Facebook is Family History

February 7, 2014  - by 

There is a gap between how we have done family history in the past and how it will be done in the future.

The old…how we have done family history in the past. We used to write a lot. We used to read newspapers and magazines to get our information. To gather records for our genealogy we used census records, old photos, birth certificates and newspapers

The new…how we are doing it now. It’s called the internet. The internet has completely changed the way we do things. We get our news from the internet. We fill out information on line. Then we share it. We get likes. We can make comments or ask questions. We interact. We are a part of each other’s lives online.

How different our family history would be if our ancestors would have had social media. Think of the information we would have about them. There would be so much information. So many stories about their lives and photos that we would now have access to.

Most of us are using Facebook at least once a day. Facebook is second most popular website in the world. That is impressive since it has only been around for 10 years. With Facebook, you can keep up with the latest news on your friends and family. There are over 1 billion active monthly users on Facebook. On average, people spend 700 billion minutes on Facebook every month with an average of 20 minutes per visit. Facebook has become a 21st century journal. For many people Facebook is family history.

Young people are telling their stories on Facebook. They tag people. They are posting photos that document their lives. We know their history and it includes the dates, facts and how they feel about what is happening in the world.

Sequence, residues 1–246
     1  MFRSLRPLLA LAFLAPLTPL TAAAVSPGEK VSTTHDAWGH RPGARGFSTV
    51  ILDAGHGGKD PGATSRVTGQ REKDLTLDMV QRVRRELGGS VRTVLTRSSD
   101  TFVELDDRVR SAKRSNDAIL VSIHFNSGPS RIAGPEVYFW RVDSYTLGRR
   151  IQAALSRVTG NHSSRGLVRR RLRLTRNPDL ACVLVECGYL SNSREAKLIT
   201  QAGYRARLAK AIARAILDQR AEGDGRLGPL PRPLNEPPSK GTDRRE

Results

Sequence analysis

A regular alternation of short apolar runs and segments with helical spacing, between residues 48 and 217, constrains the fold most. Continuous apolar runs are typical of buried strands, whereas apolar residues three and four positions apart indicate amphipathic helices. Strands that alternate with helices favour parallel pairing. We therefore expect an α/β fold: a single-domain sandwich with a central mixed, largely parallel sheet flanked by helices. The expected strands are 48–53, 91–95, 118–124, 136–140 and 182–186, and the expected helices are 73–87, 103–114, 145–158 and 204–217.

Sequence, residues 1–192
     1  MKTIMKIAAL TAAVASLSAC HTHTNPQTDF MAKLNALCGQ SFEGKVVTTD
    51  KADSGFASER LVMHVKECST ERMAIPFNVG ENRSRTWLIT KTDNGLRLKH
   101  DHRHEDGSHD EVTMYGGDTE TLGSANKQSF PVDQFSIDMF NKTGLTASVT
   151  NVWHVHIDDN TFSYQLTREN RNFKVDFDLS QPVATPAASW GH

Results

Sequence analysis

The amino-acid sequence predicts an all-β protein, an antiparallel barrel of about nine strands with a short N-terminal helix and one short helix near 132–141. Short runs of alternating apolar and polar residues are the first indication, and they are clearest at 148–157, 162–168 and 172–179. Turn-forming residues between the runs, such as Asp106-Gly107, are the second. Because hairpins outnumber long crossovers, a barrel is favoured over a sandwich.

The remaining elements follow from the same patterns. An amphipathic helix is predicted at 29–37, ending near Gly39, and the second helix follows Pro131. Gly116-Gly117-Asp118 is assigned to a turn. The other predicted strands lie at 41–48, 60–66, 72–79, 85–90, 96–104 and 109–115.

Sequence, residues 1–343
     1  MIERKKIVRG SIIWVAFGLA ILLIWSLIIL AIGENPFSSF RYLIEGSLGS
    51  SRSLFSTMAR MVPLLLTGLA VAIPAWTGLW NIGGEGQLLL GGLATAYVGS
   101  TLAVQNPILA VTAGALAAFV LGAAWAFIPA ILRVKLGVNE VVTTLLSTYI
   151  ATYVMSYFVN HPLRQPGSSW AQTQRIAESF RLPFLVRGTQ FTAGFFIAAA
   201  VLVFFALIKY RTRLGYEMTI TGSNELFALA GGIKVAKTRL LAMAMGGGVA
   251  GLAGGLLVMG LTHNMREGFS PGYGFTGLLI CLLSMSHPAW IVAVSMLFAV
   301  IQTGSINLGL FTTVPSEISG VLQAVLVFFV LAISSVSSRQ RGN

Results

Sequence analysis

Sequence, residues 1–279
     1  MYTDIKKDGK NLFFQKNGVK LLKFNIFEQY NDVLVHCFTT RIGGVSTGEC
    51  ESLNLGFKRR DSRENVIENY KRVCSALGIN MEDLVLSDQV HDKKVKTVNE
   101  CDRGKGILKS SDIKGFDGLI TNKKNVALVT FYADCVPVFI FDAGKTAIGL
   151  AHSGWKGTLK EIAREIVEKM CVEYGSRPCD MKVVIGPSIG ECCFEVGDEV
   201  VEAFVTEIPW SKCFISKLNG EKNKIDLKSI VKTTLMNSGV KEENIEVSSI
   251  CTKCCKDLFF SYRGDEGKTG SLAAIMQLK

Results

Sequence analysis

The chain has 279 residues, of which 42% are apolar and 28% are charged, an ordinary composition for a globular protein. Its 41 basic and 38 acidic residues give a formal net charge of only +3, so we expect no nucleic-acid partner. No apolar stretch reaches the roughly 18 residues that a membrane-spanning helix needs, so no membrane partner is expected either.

Social media is one very important tool that future generations the world over will use to remember us. Facebook is people getting excited about family history. Embrace it!

This blog post was contributed by Gary and Maggie Stevens.

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  1. I just wanted to add that it was through Facebook I met a distant relative, who happens to be of another faith, who is very active in researching his own family history. I think it is a neat way to find and contact other family branches who may or may not share common family roots. Perhaps there are a lot of people in the world who have been bitten by the family history bug and a side effect is that they want to look for ways to reach out to family that are alive now.

  2. I follow two FaceBook groups – one for Swedish genealogy and another for Danish. They can be so helpful in translation, getting in country information on geography and other things, trying to decipher documents, and so many other ways.

  3. I have been able to contact and stay in touch with all my many nieces and nephews by Facebook.I would never have known much about them otherwise as they are all over the United States. Thanks to Facebook for keeping me in touch

  4. As a well trained and thoroughly experienced genealogist, I can attest to the fact that beyond the first few generations, genealogical research can’t be done only on the internet. Most of the documents needed to find information on earlier generations aren’t yet on the net. Most people using the net are untrained and unskilled, and rather than doing research, are collecting it from others without verification. Most of the family histories on the net are flawed, and can;t be used, and most of the documentation needed to establish a family history isn’t on the net yet. Hopefully, in the years and decades to come, the situation will change, but we’re still a long way away from being able to do genealogical research only on the net.

  5. about a year ago I lost my face book family tree. I have put a lot of work in it. How can I get it back. I did not deluxe. Thank you